From Anchovies in Dubrovnik to Donuts in Zagreb: An Exquisite Culinary Whirl Through Croatia

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Panorama Restaurant & Bar, Dubrovnik

 

Carving out enchantment in Croatia isn’t difficult – but visits to this pearl of the Adriatic Sea should absolutely extend beyond the more obvious cities of Dubrovnik and Zagreb. Indeed, in this ethereal land known for its otherworldly sites – as vividly depicted in Game of Thrones – there’s so much more to see.

We took the Kompas Adriatic Cruise on M/S Stella Maris, the compact luxury ship that allows for unprecedented access to sights and delights of those lesser known gems. Beginning in Dubrovnik and sailing north towards its final port-of-call in Poreč, the ship’s gracious and knowledgeable staff complement unique personal touches like lively info sessions, surprise island detours, and Croatian language lessons.

 

M/S Stella Maris

 

We were admittedly on a gastronomic mission – and thankfully, there’s an ocean’s worth of culinary gems at every stop.

Croatian fare is something of a crossroads of diversity and regional specificity, perhaps most easily divided up by coastal and mainland/continental fare. The former utilizes a lot of fresh seafood (squid, shrimp, lobster, octopus) and plenty of their award-winning Croatian olive oil – which is enhanced by an ample dose of fresh herbs and spices (think oregano, marjoram, cinnamon, rosemary); you’ll also recognize quite a lot of Mediterranean influences and resemblances to Greek and Italian (Venetian) cuisines.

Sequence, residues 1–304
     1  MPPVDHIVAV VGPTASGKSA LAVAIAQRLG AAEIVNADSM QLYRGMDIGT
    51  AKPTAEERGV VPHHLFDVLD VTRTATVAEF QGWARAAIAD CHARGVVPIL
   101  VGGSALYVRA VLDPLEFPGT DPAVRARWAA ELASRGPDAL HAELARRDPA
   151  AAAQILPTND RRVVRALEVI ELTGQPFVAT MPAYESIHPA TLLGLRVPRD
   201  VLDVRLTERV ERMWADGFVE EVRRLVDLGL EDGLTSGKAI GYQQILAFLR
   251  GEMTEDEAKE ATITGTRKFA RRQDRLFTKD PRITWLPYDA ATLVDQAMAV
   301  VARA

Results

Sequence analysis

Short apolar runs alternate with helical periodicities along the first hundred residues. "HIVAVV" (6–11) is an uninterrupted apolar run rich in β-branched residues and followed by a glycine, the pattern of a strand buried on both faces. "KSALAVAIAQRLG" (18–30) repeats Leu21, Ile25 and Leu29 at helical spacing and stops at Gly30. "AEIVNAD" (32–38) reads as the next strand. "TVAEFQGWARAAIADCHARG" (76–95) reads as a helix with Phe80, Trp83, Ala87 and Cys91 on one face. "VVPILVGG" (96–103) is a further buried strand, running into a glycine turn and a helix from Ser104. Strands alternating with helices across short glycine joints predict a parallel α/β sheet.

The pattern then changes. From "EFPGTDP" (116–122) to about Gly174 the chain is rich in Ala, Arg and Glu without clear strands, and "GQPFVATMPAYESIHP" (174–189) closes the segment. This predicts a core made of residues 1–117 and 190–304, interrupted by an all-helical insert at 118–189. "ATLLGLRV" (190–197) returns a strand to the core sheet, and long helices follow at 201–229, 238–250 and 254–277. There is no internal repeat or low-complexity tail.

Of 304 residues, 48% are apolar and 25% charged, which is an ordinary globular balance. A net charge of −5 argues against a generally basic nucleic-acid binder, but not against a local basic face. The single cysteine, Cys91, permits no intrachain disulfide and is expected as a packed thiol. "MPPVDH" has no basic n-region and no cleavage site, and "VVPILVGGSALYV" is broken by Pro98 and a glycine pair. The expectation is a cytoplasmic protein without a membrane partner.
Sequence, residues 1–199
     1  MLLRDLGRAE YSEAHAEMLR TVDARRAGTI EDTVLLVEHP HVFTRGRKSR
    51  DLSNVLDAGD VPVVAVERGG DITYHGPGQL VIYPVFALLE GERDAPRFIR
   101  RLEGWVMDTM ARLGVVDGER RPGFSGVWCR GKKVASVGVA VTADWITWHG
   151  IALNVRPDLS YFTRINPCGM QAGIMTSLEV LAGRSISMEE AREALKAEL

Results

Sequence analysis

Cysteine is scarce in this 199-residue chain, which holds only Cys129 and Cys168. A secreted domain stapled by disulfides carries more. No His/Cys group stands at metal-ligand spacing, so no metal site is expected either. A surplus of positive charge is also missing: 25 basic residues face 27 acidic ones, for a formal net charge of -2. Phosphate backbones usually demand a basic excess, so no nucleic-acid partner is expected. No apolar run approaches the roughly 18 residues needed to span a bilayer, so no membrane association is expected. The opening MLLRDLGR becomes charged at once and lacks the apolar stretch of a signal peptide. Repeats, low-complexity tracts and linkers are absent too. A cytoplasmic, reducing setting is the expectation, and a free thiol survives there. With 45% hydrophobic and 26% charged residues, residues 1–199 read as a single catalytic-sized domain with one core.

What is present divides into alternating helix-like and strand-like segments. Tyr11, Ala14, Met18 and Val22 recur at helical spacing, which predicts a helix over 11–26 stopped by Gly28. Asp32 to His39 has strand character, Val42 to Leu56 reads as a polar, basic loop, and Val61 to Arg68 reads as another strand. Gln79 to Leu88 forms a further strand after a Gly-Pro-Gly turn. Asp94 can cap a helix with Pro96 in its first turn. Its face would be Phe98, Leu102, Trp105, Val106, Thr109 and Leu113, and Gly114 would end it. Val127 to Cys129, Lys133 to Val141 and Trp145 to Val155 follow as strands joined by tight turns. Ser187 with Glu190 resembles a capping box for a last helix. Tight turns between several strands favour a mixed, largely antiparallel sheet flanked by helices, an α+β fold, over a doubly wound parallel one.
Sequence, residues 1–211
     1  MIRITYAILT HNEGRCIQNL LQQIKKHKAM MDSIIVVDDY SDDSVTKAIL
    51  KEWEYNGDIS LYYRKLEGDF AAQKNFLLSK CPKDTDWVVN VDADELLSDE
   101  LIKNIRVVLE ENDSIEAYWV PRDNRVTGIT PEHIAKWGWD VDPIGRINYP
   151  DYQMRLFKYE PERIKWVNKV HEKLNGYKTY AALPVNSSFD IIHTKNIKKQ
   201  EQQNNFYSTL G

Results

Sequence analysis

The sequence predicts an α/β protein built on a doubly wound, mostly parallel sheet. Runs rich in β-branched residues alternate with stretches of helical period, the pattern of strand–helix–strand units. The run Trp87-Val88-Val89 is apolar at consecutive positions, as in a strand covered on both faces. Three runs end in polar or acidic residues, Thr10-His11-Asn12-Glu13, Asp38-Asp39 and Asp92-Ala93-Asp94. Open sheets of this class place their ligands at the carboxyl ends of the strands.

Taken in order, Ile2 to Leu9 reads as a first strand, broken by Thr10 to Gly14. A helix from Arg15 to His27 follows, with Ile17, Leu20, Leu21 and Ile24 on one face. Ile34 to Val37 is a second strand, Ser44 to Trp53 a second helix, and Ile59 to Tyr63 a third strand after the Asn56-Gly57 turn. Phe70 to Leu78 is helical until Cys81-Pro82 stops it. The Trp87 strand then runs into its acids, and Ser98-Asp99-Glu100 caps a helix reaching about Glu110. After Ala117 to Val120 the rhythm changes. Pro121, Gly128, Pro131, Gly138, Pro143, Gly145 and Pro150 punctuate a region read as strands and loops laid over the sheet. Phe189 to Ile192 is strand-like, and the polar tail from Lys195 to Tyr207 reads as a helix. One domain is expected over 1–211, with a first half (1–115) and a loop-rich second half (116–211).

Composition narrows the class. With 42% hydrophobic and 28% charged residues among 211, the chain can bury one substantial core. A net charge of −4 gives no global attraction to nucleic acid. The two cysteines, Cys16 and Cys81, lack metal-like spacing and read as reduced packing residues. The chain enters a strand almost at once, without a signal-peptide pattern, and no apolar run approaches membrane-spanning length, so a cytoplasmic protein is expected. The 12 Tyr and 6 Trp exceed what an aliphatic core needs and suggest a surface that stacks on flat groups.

Hvar

 

The latter is heavily characterized by Slavic influences, as well as some Austrian, Hungarian, and Turkish (due to proximity and historical rule). You’ll see meat, fresh-water fish and vegetable dishes fortified by headier ingredients such as sweet paprika, roasted garlic and black pepper; and moreover, instead of olive oil, it’s sunflower oil and/or animal fats, such as pork lard for cooking and frying.

Highlights in the overall include cheese made from fresh sheep or goat’s milk from the Island of Pag, spicy sausages (kulen) from Slavonia, Dalmatian prosciutto, truffles from Istria…we could go on.

Here were some of the highlights.

 

Dubrovnik

Take the cable car up Srđ Hill and soak up sweeping panoramic views of the Old City of Dubrovnik, the island of Lokrum, the bay of Lapad, and the Elaphite Islands. Perched atop the hill is Panorama Restaurant and Bar; and considering your location along the Dalmatian coast – here, you must exercise your gustatory duty to eat freshly caught seafood. We recommend the Dalmatian Trilogy, a swimmingly delicious trio of octopus, marinated shrimps, and anchovies – best enjoyed with a glass of summer à la Grgić Pošip (2015).

 

Panorama Restaurant & Bar

 

Mljet

Take a stroll through Mljet National Park – this cherished green island oasis is situated on the Dalmatian south. It is the oldest national park along the Adriatic sea and hosts a wealth of flora and fauna, along with two unique features: the Great Lake and Small Lake. The latter on which you can take a small boat over to the Isle of St. Mary, where the 12th century Benedictine monastery awaits. The building is a bit of an anomaly; due to it being redesigned numerous times, architectural styles collide: Renaissance meets Romanesque meets Baroque. For a break from the history lesson, wander down to Restaurant Melita. With views overlooking the lake, enjoy a romantic meal on the terrace with local cheeses, black risotto and our favorite, grilled mljet lobster.

Korčula

Millenia-old winemaking traditions are revered here. So a visit and chat with Mr. Branimir Cebalo in his Lumbarda vineyard at Grk Cebalo is very much in order. Located about two miles from the Old Town of Korčula, they offer tours of the grounds and wine tasting: we recommend his Grk white wine, which offers reserved intensity and is gorgeously layered. Then make your way back to the shoreline to Lešić Dimitri Palace Restaurant – or more simply, LD Terrace. It recently entered the Michelin Guide and their Dalmatian fare with contemporary flourishes ideally complements the patio-perfect views of the Adriatic Sea. We recommend the gambero rosso & rose galić dish, which features local sweet, raw prawns, and a lush bisque that’s finished with a drizzle of herb-infused oil.